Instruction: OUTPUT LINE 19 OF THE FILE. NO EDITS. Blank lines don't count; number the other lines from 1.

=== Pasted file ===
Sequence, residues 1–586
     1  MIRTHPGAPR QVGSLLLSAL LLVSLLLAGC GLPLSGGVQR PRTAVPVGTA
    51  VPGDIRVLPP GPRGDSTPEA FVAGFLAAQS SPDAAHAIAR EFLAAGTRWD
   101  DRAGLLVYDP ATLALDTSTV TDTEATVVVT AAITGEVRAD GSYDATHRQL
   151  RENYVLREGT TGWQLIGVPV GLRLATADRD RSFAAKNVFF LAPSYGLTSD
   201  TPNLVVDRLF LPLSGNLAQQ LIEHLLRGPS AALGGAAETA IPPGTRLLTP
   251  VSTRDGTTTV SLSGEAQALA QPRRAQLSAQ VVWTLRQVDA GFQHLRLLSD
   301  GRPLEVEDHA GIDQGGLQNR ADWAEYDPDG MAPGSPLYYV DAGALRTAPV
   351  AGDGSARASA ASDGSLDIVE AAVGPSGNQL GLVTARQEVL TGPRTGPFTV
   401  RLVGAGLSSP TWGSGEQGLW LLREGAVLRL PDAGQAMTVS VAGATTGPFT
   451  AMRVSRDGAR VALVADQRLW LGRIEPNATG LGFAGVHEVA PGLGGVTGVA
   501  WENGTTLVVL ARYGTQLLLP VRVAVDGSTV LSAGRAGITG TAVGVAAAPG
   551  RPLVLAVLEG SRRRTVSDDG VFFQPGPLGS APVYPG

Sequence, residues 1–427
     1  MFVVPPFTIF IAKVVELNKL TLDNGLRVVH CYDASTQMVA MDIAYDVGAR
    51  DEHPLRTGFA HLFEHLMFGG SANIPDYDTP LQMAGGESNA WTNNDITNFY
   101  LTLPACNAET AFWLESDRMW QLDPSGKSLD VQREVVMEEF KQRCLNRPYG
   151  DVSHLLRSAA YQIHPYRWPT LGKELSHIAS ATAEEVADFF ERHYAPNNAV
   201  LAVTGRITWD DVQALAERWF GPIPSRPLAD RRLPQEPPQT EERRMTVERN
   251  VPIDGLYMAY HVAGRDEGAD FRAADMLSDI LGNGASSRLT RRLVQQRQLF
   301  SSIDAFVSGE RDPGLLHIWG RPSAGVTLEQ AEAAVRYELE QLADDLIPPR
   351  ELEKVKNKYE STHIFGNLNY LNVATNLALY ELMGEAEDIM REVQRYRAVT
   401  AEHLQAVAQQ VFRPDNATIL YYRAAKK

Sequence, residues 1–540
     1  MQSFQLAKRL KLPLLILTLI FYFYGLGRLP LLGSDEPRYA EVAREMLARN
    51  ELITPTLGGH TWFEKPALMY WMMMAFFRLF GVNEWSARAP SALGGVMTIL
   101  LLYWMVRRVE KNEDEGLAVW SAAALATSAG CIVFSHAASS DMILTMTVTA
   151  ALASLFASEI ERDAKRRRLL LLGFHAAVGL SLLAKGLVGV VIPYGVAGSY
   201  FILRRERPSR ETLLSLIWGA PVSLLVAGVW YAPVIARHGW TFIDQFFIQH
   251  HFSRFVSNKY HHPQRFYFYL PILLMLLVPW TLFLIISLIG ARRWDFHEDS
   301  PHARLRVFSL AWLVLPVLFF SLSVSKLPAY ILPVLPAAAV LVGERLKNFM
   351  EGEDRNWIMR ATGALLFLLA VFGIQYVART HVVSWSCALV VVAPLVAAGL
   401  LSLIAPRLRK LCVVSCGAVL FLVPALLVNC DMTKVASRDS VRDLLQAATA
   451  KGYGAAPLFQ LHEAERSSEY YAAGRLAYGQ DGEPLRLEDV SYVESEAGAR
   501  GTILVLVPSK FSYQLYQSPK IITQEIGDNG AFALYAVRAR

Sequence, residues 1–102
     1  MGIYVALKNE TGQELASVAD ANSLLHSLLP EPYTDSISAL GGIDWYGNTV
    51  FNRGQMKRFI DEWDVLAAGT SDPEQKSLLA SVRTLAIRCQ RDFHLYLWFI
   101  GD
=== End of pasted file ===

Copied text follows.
   201  LAVTGRITWD DVQALAERWF GPIPSRPLAD RRLPQEPPQT EERRMTVERN